These sentiments, in turn, have translated into growing antagonism toward Rouhani. “I feel the pain of the poor and lower class people with my soul, especially because of high prices, unemployment and inequalities,” Khamenei said in his official message marking the Persian New Year on March 20. “The government has taken positive steps but they do not meet people’s expectations and mine.”
Instead, Khamenei argued, the country needs to return to the idea of a “resistance economy” focused on nurturing domestic economic growth and eliminating “inequalities.” Rather than focusing on foreign engagement, a key priority of Rouhani’s administration, Iranian officials should “focus on the key issues of domestic production and employment, especially youth employment,” he said.
Given Khamenei’s status as the ultimate arbiter of Iranian politics, these comments were nothing short of a demarche aimed squarely at Rouhani and his government. The message was obvious: shape up or get ready to ship out.
Khamenei’s call has been taken up by a new crop of political challengers, who have emerged in recent weeks to stake their claims to the country’s presidency.
Their ranks briefly included former Iranian president (and notorious political firebrand) Mahmoud Ahmadinejad, who last year launched a very public—and surprisingly popular—campaign to reclaim his former office. His hopes were dashed in the fall, though, when Khamenei himself told the former president to stand down, thereby eliminating a major obstacle to Rouhani’s reelection.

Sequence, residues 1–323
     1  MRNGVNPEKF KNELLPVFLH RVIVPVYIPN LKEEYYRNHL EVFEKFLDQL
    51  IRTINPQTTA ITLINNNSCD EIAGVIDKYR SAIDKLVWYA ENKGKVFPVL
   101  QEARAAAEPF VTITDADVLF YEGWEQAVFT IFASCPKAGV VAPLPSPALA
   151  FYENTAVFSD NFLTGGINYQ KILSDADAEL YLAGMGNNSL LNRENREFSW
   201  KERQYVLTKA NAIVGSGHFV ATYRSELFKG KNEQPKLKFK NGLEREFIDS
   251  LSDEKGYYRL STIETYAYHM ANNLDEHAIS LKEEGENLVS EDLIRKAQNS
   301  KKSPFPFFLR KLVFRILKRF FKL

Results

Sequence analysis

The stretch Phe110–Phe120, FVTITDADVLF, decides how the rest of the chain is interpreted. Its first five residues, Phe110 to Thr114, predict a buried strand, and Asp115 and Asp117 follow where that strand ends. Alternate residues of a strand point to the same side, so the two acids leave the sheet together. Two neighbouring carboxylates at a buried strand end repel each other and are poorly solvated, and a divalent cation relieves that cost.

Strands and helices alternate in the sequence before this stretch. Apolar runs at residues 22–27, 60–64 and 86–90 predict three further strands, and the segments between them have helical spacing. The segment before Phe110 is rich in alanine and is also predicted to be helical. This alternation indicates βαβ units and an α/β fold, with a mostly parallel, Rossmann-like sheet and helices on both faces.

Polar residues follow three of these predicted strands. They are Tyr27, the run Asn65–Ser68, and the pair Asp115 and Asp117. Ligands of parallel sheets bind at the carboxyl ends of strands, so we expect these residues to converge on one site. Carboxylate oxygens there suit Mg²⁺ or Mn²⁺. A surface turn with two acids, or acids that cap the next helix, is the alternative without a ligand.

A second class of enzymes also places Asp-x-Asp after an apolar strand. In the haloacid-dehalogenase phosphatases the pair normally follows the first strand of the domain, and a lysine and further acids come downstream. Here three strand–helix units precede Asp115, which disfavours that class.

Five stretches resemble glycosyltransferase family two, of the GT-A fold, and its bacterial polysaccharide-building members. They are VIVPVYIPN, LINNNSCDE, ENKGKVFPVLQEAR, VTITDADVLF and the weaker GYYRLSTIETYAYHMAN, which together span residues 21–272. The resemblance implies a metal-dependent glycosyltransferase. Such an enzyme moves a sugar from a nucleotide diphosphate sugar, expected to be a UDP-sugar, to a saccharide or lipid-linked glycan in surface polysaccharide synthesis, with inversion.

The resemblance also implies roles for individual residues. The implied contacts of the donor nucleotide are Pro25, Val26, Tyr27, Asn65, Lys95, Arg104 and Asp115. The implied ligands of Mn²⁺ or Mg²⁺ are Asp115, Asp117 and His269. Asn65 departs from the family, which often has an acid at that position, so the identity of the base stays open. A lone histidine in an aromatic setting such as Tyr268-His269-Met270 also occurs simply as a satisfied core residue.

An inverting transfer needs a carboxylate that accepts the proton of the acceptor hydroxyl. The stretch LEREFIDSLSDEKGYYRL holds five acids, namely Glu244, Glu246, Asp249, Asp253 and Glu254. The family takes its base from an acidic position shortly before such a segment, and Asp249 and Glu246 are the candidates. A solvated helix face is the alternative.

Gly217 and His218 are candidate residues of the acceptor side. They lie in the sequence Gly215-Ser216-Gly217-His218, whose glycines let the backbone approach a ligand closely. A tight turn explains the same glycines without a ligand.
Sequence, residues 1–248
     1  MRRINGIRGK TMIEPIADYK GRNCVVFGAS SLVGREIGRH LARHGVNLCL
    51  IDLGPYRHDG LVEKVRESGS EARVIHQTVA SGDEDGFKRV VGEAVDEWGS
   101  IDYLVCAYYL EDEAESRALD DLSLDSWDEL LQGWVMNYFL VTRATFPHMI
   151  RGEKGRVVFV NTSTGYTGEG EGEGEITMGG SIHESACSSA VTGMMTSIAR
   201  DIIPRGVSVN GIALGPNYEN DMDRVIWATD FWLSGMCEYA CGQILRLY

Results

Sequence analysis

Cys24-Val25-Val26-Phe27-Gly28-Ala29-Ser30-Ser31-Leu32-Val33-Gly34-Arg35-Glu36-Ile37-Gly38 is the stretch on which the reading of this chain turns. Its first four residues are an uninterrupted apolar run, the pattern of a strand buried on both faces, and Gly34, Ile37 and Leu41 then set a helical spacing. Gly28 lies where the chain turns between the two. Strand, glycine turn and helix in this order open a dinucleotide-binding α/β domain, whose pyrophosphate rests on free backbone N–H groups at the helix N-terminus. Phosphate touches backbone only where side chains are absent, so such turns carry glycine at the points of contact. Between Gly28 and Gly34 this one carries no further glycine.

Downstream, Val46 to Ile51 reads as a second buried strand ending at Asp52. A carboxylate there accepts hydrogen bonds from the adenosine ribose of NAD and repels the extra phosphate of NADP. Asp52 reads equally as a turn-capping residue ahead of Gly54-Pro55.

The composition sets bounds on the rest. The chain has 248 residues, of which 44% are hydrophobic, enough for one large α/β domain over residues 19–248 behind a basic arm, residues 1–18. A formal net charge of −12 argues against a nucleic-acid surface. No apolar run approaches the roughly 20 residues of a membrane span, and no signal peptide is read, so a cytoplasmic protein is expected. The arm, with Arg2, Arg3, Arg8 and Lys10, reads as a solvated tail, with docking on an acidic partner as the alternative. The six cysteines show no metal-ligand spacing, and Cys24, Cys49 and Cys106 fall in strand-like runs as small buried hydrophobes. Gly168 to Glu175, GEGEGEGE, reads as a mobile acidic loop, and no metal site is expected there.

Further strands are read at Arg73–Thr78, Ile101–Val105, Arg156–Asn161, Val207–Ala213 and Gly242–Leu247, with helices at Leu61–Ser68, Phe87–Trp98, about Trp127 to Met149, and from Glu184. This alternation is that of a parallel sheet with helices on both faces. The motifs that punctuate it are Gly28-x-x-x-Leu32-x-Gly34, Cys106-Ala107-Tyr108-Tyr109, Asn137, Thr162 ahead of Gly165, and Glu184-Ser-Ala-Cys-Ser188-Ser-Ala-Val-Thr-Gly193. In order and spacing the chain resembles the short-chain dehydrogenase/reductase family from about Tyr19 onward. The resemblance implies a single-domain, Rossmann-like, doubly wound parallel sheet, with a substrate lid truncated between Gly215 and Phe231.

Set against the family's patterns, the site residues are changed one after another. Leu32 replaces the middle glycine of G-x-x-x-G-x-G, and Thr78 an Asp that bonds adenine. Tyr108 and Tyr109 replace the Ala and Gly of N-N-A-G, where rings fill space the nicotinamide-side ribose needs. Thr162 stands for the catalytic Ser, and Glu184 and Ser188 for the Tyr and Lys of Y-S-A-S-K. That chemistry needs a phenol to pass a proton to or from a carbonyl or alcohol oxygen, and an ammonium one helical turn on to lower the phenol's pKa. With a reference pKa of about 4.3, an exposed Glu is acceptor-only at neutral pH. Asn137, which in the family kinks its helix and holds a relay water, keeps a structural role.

But if Ahmadinejad is no longer a political threat, others are. One is Ebrahim Raisi, a former deputy national judiciary chief appointed last year as the custodian of the shrine of the Imam Reza in Mashhad (an appointment that makes him what one news outlet has termed “one of the most powerful people in Iran”). Lesser-known candidates include former Culture Minister Mostafa Mirsalim and parliamentarian Mohammed Mehdi Zahedi. Although these hopefuls espouse a fairly broad range of (regime-approved) opinions, they are nonetheless united by one fact: they all sense a political opportunity.
None of that bodes well for Iran’s current president. Absent a major political upset, Rouhani is still likely to secure a second term this spring, if only because of a lack of truly popular alternatives. (Historically, there is precedent for a second Rouhani term; since the transition years of the early 1980s, every single Iranian president has succeeded in winning reelection to a second four-year stint in office regardless of his track record.)
But the growing opposition emerging to his government and the mounting (and officially sanctioned) pressure he now faces mean that Rouhani’s political victory is no longer a sure thing. In other words, having staked his political credibility on the inevitable benefits of a nuclear bargain with the West, Iran’s president might yet become its most high-profile casualty.